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Cast-In-Place ADA Truncated Domes Tiles for Wet Concrete Installation

Cast-In-Place ADA Truncated Domes Tiles for Wet Concrete Installation

Replaceable Truncated Domes Tiles for Wet Concrete Installation

While the Americans With Disabilities Act was passed in 1992, the jury was out on requiring truncated domes. But after years of commissioned studies, the ADA finally determined that truncated domes would be required for many applications on both public and private property where changes in surface, such as curb cut outs, parking lot environments, wheelchair ramps, and more, required a tactile warning system for persons with low or no vision, and, these days, to alert those of us who are temporarily attention impaired. (Read: Texting while walking and any number of other modern impairments to attentive and alert mobility.)

Cast-in-place truncated domes are applied when fresh concrete is being poured, typically on new builds. This allows property owners and managers to install ADA required truncated dome pads and meet local ordinances during construction, which saves time and money. A key advantage to some of the cast-in-place domes we offer is that they are replaceable truncated dome pads. Given that requiring the installation of tactile warning systems is now a permanent part of ADA accessibility laws, business owners and property managers like knowing that many years from now, the truncated domes they initially installed can easily be replaced with new pads—without requiring any concrete demolition or pouring.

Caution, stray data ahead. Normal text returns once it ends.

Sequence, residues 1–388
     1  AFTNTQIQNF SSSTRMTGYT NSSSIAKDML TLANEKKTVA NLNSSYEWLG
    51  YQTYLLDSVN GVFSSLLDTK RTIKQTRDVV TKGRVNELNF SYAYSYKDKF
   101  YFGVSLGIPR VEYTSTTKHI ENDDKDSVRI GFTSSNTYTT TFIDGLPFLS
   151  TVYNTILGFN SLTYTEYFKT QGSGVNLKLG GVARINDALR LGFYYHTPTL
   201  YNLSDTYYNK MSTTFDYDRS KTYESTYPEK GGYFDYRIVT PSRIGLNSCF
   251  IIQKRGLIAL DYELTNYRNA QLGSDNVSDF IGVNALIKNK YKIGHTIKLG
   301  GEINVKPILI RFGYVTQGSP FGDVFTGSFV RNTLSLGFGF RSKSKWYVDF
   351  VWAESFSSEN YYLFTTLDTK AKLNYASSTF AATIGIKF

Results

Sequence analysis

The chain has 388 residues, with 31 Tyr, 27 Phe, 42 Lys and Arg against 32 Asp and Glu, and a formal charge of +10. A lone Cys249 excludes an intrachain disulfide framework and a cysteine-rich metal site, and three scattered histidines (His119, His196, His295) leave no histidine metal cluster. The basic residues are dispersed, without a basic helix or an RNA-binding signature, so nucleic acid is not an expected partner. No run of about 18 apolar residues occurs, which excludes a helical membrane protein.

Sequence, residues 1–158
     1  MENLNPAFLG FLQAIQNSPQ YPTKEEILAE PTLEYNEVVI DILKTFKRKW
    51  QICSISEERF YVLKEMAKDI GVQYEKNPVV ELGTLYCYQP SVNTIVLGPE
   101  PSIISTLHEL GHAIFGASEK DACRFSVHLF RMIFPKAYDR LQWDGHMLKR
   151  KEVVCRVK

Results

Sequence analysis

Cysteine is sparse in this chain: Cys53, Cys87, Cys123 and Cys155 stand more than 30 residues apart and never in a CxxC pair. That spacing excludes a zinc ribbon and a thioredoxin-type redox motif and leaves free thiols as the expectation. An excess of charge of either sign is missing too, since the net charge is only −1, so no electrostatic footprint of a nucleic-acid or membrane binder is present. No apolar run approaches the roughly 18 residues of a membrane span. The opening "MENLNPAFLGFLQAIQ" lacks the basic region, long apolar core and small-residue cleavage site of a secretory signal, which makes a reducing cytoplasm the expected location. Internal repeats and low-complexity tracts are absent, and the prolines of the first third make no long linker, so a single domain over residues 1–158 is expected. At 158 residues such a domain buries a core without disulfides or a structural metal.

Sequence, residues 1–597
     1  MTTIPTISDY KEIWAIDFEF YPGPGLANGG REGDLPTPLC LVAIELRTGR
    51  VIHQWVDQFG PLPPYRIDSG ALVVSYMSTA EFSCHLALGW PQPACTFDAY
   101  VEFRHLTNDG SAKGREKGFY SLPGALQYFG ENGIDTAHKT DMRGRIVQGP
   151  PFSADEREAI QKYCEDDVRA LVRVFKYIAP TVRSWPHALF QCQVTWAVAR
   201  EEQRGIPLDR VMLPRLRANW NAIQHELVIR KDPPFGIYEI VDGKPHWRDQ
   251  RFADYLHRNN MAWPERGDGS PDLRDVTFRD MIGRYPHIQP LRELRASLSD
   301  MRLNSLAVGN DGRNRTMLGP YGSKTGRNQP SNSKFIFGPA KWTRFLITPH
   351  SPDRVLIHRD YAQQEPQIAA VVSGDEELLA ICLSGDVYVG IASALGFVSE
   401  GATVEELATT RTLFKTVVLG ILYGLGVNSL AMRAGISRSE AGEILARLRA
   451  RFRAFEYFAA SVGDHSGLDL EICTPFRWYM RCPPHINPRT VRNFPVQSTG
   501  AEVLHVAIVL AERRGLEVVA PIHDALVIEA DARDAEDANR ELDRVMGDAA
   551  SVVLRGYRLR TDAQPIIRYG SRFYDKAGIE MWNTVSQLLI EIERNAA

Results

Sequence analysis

Our cast-in-place truncated domes come in a range of sizes and colors (to meet ADA contrast requirements for paving tiles and truncated domes). NOTE: California requires a minimum 3-foot depth for truncated domes. Select your sizes accordingly.

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ADAAG Requirements for Detectable Warnings

(March 2003)

Detectable warnings are walking surfaces that are primarily intended to provide a tactile cue to pedestrians who are visually impaired. They are installed at locations such as the edge of a train platform or at the transition between the sidewalk and the street to warn pedestrians of the potential hazard that lies ahead.

The tactile properties of detectable warnings result from a grid of small, truncated (flat-topped) domes across the warning surface. This pattern has been standardized by the U.S. Access Board and testing has shown that the pattern can be detected underfoot or by cane without causing a tripping hazard or obstructing wheelchairs.

Despite the proven tactile benefits of detectable warnings, little research has been conducted to evaluate the visual detectability of various detectable warning materials. Detectable warnings that provide salient visual cues in addition to tactile cues may help many pedestrians with visual impairments to locate hazards or curb ramps from a greater distance than is possible using the tactile cues alone. Some pedestrians may use them to orient to a curb cut or ramp at the end of a crosswalk.


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